The critical constitutional issue therefore, which has bedevilled our politics and our society for these past fifty years, is this absolute imbalance in the distribution of power between the executive and the people.
This brings us back to the question of economic transformation. For if we can agree that innovation is the key to economic transformation then it begs the question as to why has such innovation not taken place thus far? Why have we been unable to unleash “the creativity and the entrepreneurship of the people, in ways large and small?” Or, as someone recently put it, “Why do our entrepreneurs find it easier to import, mark-up and sell than to go through the hassle of production of globally competitive tradable goods and services?”
Certainly part of the answer has to do with the lack of facilitating infrastructure which I have earlier identified as the role of the government to provide. And definitely part of the answer has to do with the complacency which derives from our dependence on offshore surpluses. But I would want to suggest that there is an even more fundamental reason for the lack of enterprise and innovation in economic matters which is displayed by us as a people, a reason that is rooted in the political dependency which I have just described.
The question of what factors create and drive a spirit of enterprise among a people and, conversely, what factors inhibit such a spirit, is one that has occupied scholars for a long time. Cultural, religious, economic, racial, and geographic factors have all been regarded as critical at one time or another.
In our case, whatever other factors may be relevant, I would suggest that a key issue is a risk aversive attitude towards long-term investments which, in turn, stems from a fundamental sense of insecurity about the long-term prospects for our endurance as a viable political entity.
All business investments run the risk of failure, even those in such tried and true sectors as commercial trading. So that even the proliferation of fancy ‘higgler’ stalls, (otherwise known as malls) is an indication that our businesspeople are not completely risk averse.

H owever investments in new and innovative enterprises are almost always long-term. Even if we assume that all the infrastructural elements were in place, simply developing the product or service, establishing it in the marketplace and creating and growing market share are expensive and long-term propositions especially since the market-place which we need to penetrate and establish ourselves is not the local market or even the Caricom market, but the international market.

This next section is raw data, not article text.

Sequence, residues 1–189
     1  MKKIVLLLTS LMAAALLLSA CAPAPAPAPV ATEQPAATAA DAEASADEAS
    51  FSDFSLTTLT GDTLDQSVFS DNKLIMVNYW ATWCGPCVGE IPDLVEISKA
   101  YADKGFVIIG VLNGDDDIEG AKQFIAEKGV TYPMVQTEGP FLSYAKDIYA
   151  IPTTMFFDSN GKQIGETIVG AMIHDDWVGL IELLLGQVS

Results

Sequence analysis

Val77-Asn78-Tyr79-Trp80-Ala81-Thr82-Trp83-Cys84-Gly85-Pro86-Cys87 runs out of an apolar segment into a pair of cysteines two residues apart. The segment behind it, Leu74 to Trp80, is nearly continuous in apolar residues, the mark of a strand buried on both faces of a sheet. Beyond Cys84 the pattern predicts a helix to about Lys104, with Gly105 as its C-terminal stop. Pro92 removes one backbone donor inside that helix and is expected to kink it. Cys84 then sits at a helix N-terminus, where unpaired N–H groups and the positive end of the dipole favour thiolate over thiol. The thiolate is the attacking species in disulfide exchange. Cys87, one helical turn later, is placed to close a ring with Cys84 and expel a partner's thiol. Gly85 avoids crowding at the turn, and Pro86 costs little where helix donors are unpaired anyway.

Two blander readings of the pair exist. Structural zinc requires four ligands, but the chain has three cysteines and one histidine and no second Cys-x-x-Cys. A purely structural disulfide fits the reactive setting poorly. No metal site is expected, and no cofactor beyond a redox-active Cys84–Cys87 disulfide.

The reluctance of our people to invest in such ventures I am suggesting is occasioned by our lack of assurance and security regarding the future viability of the country itself. In other words, the main reason for our failure thus far to transform the on-shore economy may well be our persistent failure to get our politics right.
If our governments and administrations seem to be persistently incompetent, corrupt and clueless; if we have no assurance that the fruits of our efforts will be secure; if we feel that we have no control over national policies and prescriptions; then what incentive is there for us as a people to invest our dreams, our energies, our imaginations and our resources in any long term enterprise? So we live, all of us, in the short-term, always looking for signs that the whole edifice is about to collapse and trying to ensure that we have an escape plan.
If my analysis is correct, the question arises how do we fix our politics in such a way that our people can come to develop the conviction that this nation, as a community of peoples, is stable, secure, viable and enduring?
The answer to that question, as I have argued and will continue to argue, is that we must construct for ourselves an appropriate and enduring system of governance. These days the term governance is used by many, but not everyone understands its meaning. Governance is not government. The latter term refers to the group of men and women who hold office at any particular time; the policies they pursue and the decisions they make.
Governance, on the other hand, goes beyond the functions of government and refers primarily to the relationship between the people and their government and to how this relationship affects, and is affected by, the process by which governments make their policies and decisions and seek to implement them.
In this context the critical question is the degree to which and the manner in which such decisions incorporate and reflect the will and wishes of those who are directly impacted by such decisions and their consequences.
Thus governance is really about the structural and institutional environment surrounding a government’s decision-making process and the extent to which such structures and institutions facilitate the meaningful involvement of the people affected by such decisions.